Maddoxs Civil War

General Lee writes about three Maddoxes

Headquarters Army of Northern Virginia
                                                    April 23, 1863
General S. Cooper,
Adjutant and Inspector General, Richmond VA:
General:  I have received your letters of the 20th and 21st instant.  With regard to Mr. Maddox, to whom the former relates, it mabe well for you to know that there are tree persons of this name.  One, George Frederick Maddox, a planter and lawyer from Saint Mary's County, Maryland, is the one probably to whom you refer.  Major Griswold, provost-marshal in Richmond, will know him, perhaps.  I have heard that he was engaged in the contraband trade, and he may be sincere in the proposition which he has made.  I know nothing of his wife.
The second, Alfred Maddox, originally from Fauquier, some time a clerk in a dry goods store in Baltimore, so far as I know, unmarried, is also engaged in the contraband trade.  He is a tall, large man, with black hair and moustache; stoops a little in the shoulders.
Thir third, H. Clay Maddox, a doctor of medicine in Richmond, brother of Alfred, was formerly sent out of the lines of this army by General Johnston.  I would place but little reliance in his statement.
As regards the reported movement of General Hooker toward Richmond, I know of no direct route which he can take shorter than the line which we now occupy, and should he attempt such a movement when the army is able to operate, I think he will find it very difficult to reach his destination.
I am very mch obliged to you for th measures you have taken to re-enforce the cavalry of this army, which I consider to be a measure of great necessity.  I have written to General Longstreet to ascertain what regiments could be spared from North Carolina, and have requested him to order them on.
Thanking you for the information conveyed to me, and for your promptness in attending to the wants of this army,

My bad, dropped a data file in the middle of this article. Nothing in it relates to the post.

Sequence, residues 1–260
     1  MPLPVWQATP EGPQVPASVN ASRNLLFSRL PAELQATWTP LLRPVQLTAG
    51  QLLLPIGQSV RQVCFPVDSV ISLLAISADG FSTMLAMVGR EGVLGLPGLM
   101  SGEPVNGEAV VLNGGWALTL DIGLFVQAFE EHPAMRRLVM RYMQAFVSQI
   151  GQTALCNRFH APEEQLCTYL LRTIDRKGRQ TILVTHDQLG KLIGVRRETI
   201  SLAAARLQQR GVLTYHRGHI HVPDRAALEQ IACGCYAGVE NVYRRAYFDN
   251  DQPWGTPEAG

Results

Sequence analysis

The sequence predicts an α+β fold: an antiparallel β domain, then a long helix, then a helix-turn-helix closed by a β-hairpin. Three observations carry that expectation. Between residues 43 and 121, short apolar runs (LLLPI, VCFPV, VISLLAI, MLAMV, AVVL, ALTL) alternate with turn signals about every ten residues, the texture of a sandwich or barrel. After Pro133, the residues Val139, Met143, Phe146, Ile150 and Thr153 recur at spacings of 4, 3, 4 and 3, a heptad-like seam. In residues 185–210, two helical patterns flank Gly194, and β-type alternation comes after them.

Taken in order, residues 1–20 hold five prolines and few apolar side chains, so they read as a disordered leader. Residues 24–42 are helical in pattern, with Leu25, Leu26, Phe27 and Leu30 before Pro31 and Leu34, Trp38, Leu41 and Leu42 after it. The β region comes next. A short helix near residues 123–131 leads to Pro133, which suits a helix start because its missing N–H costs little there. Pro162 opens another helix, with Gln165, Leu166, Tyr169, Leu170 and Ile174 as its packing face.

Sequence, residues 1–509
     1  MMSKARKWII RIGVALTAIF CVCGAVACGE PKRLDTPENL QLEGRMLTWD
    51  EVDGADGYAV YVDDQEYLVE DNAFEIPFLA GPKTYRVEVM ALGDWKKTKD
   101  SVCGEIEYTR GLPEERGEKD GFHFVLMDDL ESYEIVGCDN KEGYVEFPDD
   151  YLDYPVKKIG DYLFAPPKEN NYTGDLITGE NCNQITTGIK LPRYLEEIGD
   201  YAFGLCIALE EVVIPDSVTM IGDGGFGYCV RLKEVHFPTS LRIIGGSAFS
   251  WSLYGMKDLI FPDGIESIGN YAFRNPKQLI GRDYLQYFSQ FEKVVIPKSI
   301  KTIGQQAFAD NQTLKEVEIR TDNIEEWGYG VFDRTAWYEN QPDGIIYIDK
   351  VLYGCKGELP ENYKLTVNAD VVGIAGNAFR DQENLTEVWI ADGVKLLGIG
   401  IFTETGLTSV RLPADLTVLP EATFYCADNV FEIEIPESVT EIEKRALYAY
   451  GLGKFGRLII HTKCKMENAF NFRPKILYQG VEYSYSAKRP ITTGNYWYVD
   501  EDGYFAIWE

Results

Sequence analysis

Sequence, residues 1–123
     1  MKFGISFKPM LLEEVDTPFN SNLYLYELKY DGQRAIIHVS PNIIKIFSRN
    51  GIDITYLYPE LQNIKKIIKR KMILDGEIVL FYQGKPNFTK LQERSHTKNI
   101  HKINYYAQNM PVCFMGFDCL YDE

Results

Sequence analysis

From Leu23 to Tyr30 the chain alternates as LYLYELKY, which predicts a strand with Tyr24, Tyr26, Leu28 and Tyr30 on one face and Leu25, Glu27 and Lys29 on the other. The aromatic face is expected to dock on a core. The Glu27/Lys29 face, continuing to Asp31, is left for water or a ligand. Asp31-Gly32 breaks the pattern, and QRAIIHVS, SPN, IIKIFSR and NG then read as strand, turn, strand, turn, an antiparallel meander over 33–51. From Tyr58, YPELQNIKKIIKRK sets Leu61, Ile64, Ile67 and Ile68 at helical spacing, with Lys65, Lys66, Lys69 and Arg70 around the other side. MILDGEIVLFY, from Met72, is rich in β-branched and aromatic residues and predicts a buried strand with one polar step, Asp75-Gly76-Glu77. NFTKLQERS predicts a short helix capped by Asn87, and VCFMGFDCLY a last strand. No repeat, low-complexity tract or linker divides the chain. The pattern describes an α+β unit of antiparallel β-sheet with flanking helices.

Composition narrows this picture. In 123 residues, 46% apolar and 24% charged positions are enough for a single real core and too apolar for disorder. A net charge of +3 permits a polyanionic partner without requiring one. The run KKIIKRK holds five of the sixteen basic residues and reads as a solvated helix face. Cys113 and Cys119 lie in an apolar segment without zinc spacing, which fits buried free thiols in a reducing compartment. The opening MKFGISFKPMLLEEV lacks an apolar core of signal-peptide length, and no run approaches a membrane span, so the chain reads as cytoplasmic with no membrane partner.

I remain, general, very sincerely, yours,
                                R. E. LEE,
                                       General.

Maine Mattocks - Union Medal of Honor Winner

MATTOCKS, CHARLES P.
 Rank and organization: Major, 17th Maine Inf. Action: At Sailors Creek, Va, 6 Apr 1865. Entered service at: Portland, Maine. Born: 1840, Danville, Vt. Issued: 29 March 1899. Citation: Displayed extraordinary gallantry in leading a charge of his regiment which resulted in the capture of a large number of prisoners and a stand of colors.   MAJ Mattocks is buried in Evergreen cemetary in Portland, Maine.  DOD Medal of Honor site...
--submitted by, John Wesley Gordon, Descendant of Alexander Gordon and Mary Lysson, Researching Gordon and Maddox in York Co. Maine and So. NH.  Link to his website...


 

Risking Life over love for Rose Maddox

Philip Turner had three sons, John, Duncan, and Joshua.  John Turner went to Baltimore to study medicine, and later became one of St. Mary's counties noble doctors.  Duncan Turner joined the Confederate army and fought for the South during the Civil War.  Several times during the war he was granted leave, and came home to Bachelor's Hope "Which was next to Green Springs" to see his sweetheart, Rose Maddox.  Each time he returned the Yankee soldiers somehow learned about it and went there to try and capture him.  Although they searched the place thoroughly they never found him, because he always hid in the top of a large cedar tree.  He sat there laughing at them while they searched and stuck pitch forged into the hay, and set fire to the straw Rick.  They even peered down into the well, where the family silverware was hidden, but found neither Duncan nor the silver.  When they left they looted the place, taking poultry and stock with them.

I have often wondered whether there is any connection with these incidents and the bones found in a shallow grave in one of the barns, in 1932.  They were discovered by a Truman Slingluff and Eugene Morgan one-day while digging a pit in the floor of the barn for a new tobacco prize.  Morgan said that the two men, in his opinion, had been buried there at least 60 or 70 years.  Could these be the remains of Yankee soldiers who became over-zealous in there searching and looting at Bachelors Hope? No one knows the answer, and it will probably always remain an unsolved mystery.

--from the book(YESTERDAY IN OLD ST MARY'S COUNTY)BY ROBRRT E.T.POGUE, contributed by Larry Maddox of Liberty, MO


Pinckney Green Maddox and his brother, Daniel Maddox, served in Battery D, Ninth Georgia Battalion, Light Artillery. The unit was sent out to guard "government stores" but Pinckney Green was "dispatched" to the 24th Georgia Infantry. His brother Harrison was also a member of the 24th but they never met while in the 24th.  Pinckney was captured near Farmville VA, escaped, walked home to Georgia. I have the account he wrote himself after the war, his record from Gwinnett County, GA, statements from his commanding officer etc. --   Eula Lee Maddox Blowers
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